published his three articles.94 There are several explanations, however, for
why Sopea chose to go to a propagandista rather than Falange publication.
The reasons may in part have been eminently practical:by 1947, some the
Falange-controlled periodicals and magazines that could have been suit-
able outlets for his articles were no longer operative. Vrtice ceased publica-
tion in 1944, Radio Nacional in 1945; Arriba, being a daily newspaper, and
with Antonio Fernndez-Cid having replaced Sopea as staff music critic,
was probably more apt for concert reviews than for extended articles, and
Sopea himself believed that musical life in Madrid was too monotonous
to build an entire doctrinal body upon it.95 Publishing in Arbor therefore
made sense professionally, besides helping him reestablish his career away
from the Falange:one of Sopeas long-term ambitions was to bring music
into the current intellectual debate of early Francoist Spain by sharing a
space with experts in other humanities disciplines.96 Arbor, being a multi-
disciplinary periodical, gave him the opportunity to dothis.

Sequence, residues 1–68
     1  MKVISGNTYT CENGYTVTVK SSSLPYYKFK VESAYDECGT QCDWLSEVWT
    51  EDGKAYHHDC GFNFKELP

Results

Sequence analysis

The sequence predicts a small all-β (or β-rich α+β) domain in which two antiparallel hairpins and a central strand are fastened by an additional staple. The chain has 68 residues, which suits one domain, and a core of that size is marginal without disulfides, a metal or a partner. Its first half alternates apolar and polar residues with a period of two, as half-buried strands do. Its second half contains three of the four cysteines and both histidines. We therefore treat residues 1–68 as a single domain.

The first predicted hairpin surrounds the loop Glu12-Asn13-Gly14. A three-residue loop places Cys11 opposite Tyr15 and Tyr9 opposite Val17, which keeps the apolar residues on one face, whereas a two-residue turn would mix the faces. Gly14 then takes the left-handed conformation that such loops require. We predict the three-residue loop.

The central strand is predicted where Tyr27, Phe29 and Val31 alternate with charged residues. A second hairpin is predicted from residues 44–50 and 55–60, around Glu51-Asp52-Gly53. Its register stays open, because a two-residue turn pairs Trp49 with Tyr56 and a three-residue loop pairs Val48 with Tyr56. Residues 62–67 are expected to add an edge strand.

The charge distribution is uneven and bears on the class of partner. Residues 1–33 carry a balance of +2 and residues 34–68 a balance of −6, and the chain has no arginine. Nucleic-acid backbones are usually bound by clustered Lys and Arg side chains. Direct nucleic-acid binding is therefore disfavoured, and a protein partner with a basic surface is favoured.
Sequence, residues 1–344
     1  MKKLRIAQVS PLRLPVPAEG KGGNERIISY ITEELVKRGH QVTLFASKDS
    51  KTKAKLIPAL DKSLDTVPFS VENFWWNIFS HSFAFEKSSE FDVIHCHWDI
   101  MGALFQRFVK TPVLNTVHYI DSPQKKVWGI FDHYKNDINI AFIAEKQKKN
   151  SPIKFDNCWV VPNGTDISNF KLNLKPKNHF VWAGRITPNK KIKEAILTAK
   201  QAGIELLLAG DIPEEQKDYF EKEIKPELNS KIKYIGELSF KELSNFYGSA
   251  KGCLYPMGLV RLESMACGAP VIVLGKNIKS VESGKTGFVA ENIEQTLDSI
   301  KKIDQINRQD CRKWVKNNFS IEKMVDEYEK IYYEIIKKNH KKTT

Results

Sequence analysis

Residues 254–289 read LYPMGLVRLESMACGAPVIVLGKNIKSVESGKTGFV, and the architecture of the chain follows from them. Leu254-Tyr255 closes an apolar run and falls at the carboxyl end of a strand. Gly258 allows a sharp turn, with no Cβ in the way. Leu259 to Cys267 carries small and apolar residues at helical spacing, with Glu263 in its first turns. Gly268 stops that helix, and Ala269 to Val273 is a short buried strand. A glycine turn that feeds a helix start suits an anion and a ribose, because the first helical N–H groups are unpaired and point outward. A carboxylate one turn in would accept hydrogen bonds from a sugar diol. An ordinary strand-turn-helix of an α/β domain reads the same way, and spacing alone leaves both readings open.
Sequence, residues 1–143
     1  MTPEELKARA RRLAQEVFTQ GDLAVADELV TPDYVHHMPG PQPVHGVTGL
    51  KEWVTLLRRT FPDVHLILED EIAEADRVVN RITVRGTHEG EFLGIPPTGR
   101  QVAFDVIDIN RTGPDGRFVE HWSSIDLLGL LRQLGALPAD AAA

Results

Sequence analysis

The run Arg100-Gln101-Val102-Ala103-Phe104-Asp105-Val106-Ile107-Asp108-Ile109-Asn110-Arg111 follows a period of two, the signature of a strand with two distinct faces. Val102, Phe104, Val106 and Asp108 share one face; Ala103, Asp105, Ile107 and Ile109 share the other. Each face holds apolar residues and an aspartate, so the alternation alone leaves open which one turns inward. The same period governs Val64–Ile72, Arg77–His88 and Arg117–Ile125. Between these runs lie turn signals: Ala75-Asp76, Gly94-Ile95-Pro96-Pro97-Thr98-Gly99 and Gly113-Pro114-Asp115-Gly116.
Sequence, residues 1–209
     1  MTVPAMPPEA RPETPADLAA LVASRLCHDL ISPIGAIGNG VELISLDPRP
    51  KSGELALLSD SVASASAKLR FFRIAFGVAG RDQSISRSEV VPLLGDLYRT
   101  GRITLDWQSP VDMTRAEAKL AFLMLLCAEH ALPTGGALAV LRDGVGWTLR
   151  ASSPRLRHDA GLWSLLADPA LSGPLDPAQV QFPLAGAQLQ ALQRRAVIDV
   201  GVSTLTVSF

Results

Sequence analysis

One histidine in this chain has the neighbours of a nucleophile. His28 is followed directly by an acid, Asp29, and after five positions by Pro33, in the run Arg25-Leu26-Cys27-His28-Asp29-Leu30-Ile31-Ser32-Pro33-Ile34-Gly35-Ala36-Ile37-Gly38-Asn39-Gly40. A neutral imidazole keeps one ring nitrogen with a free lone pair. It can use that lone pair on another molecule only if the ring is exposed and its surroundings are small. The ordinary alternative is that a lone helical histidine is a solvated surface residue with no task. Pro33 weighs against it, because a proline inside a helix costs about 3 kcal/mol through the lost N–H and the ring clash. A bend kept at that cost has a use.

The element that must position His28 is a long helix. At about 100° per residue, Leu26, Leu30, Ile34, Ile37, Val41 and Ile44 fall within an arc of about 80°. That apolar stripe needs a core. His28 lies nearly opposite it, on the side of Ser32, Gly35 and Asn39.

Nevertheless, the Falange still had outlets where Sopea could have pub-
lished his work; for example, Escorial, the Falange Liberals flagship journal,
did not cease publication until 1950, and Sopea had published two arti-
cles there in 1941.97 But it is likely that, by the time he came back from the
Vitoria seminary, he wished to detach himself from a declining Falange and
thus chose to write for Arbor instead. Nevertheless, although still heavily
reminiscent of Gimnez Caballeros Arte y estado, other elements praised by
Sopea, such as the return to the past and the focus on traditional music,

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could be welcomed by a generally conservative, pro-Franco audience with-


out necessarily raising suspicions of falangism.
Indeed, it is worth noting that, despite the strong similarities between
his thinking and Gimnez Caballeros, Sopea did not once name Gimnez
Caballero in his Arbor article series. With many former liberal falangists